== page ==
AVO- Everything you need to know

Assault, Criminal Law, Domestic Violence, Miscellaneous, Recent Cases

AVO- what you need to know

 

What is an AVO?

It is Apprehended Violence Order made to protect a person who fears for his/her or childs own safety from violence, intimidation, or harassment. It is an order made by the Court to restrict the offender from future contact with the victim.

You are in need of protection, then options are available. Violence need not be physical assault. It can me in many other forms like:

  • Harassment (in person or electronically)
  • Intimidation
  • Psychological abuse
  • Stalking
  • Sexual abuse
  • Obsessive or jealous behaviour

There are two types of AVO’s in NSW:

  • Apprehended Domestic Violence Order (ADVO):

These orders are made where people are in a relationship, either family, de facto or intimate, living together or relatives.

  • Apprehended Personal Violence Order (APVO):

These orders are for people who are not in domestic relationship but know each other, like neighbours, work colleagues, friends etc.

The person against whom an AVO is made is legally bound to abide by the conditions in the order. The conditions can prohibit the ‘defendant’ from approaching the person being protected, in any manner. Be it in person or by means of technology. Breach of any of the conditions can have very serious consequences and can be considered as a criminal act.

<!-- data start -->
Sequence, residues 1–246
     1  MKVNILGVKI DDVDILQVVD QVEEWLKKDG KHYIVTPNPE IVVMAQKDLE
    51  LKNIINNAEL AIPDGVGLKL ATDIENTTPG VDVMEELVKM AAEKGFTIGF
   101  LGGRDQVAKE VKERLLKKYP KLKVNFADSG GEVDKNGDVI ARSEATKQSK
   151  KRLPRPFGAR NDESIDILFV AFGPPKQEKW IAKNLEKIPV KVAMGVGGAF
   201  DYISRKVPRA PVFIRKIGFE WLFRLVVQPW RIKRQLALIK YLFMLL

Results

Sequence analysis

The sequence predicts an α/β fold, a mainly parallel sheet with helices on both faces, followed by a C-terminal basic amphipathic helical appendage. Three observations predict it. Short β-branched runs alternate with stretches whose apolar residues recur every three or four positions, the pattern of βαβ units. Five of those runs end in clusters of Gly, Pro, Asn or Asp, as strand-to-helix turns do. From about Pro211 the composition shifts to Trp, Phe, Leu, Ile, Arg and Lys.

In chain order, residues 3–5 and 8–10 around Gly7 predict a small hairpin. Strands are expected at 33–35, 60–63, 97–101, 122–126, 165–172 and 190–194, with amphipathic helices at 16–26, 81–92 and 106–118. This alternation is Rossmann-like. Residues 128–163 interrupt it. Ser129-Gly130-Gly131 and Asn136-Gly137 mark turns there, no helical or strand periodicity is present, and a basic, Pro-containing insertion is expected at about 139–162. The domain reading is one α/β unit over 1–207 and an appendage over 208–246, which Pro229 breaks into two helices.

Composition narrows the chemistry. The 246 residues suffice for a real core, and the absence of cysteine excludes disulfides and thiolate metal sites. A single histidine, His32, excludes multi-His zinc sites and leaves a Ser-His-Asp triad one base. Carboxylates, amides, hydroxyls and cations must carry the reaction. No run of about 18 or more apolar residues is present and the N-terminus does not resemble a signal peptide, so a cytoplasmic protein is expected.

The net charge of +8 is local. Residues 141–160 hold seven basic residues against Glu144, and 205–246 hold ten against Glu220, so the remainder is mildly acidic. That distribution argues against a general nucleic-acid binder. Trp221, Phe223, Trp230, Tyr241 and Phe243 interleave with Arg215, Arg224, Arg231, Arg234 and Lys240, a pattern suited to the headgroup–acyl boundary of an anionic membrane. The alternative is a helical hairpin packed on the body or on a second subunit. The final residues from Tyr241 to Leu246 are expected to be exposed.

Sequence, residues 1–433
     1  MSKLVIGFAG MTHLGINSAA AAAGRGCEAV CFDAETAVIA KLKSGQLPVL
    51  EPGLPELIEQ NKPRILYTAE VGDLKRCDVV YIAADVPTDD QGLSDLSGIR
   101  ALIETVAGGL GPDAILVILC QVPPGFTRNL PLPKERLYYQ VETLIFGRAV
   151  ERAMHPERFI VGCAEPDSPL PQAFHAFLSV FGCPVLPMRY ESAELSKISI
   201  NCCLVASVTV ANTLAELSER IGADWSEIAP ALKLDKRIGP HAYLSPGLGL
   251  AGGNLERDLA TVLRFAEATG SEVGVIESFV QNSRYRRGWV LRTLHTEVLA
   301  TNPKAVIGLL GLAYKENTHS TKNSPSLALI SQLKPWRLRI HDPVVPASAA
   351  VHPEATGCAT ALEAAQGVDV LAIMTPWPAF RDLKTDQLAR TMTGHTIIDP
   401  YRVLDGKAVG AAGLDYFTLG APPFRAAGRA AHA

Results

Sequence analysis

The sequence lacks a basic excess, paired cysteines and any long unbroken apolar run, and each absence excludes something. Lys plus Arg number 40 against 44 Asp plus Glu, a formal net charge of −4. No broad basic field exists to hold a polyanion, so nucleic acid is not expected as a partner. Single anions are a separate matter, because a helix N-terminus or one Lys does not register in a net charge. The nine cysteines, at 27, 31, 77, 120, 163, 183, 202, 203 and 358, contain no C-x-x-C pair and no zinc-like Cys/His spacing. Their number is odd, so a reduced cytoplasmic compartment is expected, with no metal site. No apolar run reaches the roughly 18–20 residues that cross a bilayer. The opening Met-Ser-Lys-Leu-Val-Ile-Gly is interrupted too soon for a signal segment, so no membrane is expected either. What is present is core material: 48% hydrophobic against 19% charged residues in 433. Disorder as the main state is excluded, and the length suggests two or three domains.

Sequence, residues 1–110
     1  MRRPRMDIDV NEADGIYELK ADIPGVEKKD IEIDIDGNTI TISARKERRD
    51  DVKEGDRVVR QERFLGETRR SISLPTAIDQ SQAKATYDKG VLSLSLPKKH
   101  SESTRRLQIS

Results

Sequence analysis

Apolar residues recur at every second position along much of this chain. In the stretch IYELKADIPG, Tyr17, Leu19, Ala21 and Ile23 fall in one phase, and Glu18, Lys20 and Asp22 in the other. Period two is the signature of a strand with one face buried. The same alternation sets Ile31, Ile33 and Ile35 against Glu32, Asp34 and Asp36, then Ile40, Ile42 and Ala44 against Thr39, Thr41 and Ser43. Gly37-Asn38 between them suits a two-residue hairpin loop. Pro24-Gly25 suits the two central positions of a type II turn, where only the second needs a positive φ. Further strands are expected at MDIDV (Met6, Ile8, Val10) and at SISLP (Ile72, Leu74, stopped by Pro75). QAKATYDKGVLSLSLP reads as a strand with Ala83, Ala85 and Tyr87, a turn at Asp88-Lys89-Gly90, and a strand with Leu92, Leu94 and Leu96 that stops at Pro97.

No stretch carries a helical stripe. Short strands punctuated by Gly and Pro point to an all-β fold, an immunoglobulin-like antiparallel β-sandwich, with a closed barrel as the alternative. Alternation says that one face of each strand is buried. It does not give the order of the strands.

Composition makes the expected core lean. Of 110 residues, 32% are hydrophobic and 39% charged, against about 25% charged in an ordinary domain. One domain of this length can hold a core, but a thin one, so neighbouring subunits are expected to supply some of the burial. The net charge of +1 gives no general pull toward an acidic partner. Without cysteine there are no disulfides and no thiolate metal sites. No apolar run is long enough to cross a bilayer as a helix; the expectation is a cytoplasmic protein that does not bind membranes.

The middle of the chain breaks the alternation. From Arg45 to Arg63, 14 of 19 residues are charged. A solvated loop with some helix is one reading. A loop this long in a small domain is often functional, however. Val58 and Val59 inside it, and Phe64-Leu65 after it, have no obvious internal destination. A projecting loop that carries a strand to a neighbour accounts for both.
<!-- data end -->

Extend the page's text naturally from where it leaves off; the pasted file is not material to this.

How to apply for AVO:

An AVO can be obtained by police on behalf of the person in need of protection. The police can obtain a provisional or interim/temporary AVO in case of urgency, if they fear that the person is in danger. If the person in need of protection is under 16, then the police makes an application.

Alternatively, an application can be made in the Local Court by the person itself.

An interim AVO can be obtained without any admission to the Court. So there is possibility that the interim order can be revoked at a later date if the court is not satisfied with the submissions.

The defendant can either agree or oppose the AVO. If the defendant opposes the AVO, then the person with an AVO has to prove why the AVO should be in place.

An AVO itself is not a criminal offence and is not recorded as an offence on criminal records. Though it is not a criminal offence, the police keep record of AVO on their database.

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